Bridgeport attorney Chris Mattei who’s exploring a Democratic run for governor issued several points on Monday to rebuild trust in government.
Former Assistant U.S. Attorney Chris Mattei today released a new proposal to bring more people into the election process in Connecticut as a first step toward restoring trust in government and encouraging civic participation. Mattei, who formerly served as Chief of the Financial Fraud and Public Corruption Unit in the U.S. Attorney’s Office holding public officials and big corporations accountable, is currently exploring a run for Governor of Connecticut. “Too many people have lost confidence in our public institutions and public officials,” said Mattei. “When people stop trusting government, our government stops working effectively to solve big problems like restoring the middle class. As Democrats we must reform government to restore trust. Rebuilding our state starts with rebuilding trust in government.”
As part of his plan he advocates:
— Encouraging voting by making it easier for citizens to vote absentee and implementing early voting days. Connecticut is one of only 13 states that both forbids early voting and requires an excuse to vote absentee.
— Taking the parties out of legislative redistricting by creating a non-partisan commission to determine legislative boundaries.
— Repealing new provisions that limit State Election Enforcement Commission investigations to one year so that residents can feel assured that complaints will actually be resolved based on the facts, not the calendar.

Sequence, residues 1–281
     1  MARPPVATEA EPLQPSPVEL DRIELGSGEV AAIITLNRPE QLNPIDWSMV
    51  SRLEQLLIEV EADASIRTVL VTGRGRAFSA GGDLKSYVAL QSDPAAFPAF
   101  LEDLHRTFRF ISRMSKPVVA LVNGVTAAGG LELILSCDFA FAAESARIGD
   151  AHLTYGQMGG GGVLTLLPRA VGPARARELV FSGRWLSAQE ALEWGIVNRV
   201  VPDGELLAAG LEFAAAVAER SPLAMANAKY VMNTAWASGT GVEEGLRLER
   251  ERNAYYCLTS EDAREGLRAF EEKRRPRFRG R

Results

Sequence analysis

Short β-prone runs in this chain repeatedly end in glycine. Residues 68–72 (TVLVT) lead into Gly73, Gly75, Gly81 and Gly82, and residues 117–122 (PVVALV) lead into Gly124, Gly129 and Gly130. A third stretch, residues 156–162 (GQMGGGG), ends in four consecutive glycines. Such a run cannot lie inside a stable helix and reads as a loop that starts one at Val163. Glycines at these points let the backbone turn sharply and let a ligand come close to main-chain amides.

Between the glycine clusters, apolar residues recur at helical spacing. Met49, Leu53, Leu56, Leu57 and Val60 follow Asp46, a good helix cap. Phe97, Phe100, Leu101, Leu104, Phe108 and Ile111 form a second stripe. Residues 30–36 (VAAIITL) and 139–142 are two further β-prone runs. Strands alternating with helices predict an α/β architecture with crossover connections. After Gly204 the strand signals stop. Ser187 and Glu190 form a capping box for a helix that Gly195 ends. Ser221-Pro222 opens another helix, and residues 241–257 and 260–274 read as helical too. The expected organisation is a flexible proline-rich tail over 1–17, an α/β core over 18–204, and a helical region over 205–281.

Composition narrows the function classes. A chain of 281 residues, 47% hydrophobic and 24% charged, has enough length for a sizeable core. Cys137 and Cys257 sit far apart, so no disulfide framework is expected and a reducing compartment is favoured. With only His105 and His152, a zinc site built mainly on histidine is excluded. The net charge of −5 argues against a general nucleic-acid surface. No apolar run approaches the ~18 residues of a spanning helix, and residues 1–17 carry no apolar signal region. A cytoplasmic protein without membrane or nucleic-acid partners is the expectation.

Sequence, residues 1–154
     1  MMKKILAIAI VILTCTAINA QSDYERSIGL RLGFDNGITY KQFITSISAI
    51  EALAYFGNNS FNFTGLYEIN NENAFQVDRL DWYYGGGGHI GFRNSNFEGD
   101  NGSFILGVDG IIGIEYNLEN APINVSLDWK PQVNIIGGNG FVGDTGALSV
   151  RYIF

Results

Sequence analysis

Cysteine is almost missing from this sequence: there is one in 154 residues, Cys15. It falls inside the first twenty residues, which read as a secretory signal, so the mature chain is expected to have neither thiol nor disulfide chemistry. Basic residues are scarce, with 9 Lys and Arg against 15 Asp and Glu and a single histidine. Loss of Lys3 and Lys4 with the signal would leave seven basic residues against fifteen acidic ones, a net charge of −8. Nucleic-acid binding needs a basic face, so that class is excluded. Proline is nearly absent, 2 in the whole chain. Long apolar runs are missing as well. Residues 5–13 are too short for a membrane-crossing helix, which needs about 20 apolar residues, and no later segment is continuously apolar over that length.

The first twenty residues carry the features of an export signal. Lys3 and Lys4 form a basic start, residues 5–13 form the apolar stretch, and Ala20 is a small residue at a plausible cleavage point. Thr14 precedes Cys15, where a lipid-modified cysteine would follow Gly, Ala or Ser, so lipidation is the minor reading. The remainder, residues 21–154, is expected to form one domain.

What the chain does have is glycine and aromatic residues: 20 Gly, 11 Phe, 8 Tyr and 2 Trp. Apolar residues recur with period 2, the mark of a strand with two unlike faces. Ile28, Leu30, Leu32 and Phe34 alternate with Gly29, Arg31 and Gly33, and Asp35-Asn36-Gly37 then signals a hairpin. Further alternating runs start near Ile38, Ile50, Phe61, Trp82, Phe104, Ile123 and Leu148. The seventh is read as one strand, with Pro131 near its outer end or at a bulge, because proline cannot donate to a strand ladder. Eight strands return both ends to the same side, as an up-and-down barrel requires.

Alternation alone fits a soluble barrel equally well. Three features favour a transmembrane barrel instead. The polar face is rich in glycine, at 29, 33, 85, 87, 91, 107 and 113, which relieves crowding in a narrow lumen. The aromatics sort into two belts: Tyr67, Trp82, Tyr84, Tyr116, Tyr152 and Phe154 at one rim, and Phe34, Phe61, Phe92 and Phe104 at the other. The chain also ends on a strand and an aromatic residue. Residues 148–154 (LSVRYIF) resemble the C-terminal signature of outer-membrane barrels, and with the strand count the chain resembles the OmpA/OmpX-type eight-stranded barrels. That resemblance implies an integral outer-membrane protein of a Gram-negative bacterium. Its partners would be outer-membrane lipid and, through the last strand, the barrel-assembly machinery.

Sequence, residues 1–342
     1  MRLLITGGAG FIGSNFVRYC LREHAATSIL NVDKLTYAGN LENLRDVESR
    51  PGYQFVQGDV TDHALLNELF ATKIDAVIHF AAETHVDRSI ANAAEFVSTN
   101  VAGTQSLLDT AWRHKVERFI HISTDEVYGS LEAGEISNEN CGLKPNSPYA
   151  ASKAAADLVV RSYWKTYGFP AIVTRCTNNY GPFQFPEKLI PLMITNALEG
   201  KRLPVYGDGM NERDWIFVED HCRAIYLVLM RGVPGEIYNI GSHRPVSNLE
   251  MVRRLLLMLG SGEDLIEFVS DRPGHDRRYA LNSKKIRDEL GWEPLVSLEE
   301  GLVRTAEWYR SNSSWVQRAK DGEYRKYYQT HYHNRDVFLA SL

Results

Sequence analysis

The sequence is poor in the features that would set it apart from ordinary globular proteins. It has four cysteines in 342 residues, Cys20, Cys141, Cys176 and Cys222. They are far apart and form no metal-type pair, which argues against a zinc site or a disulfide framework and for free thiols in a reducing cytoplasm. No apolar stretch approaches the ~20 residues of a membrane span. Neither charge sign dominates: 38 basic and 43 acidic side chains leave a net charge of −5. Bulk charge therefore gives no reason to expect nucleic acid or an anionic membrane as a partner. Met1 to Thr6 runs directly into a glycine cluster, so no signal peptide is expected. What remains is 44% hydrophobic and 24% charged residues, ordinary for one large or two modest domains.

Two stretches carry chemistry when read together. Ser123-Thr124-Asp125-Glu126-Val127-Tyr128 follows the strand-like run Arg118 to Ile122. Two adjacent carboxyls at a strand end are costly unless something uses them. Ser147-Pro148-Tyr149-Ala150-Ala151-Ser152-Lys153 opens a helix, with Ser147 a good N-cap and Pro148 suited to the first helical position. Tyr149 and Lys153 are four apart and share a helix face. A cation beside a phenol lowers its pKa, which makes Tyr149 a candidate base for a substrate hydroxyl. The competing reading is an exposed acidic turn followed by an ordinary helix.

— Improving transparency by requiring Political Action Committees (PACs) to disclose the true sources of their funding and listing the largest funder on advertising. Currently, big donors are able to obscure their political donations by “passing through” innocuous sounding committees; this reform would shed a light on where the money is really coming from.
More information on the proposed reforms can be found here.
“Many political pundits and pessimists will tell you that Connecticut is in bad shape and our problems are too big to solve,” said Mattei. “I have a different view: I believe in the power of the people of Connecticut to choose a future where we invest in ourselves, our families, our communities and our state. I know we can do better–and that starts with restoring the bonds of trust between us and our government.”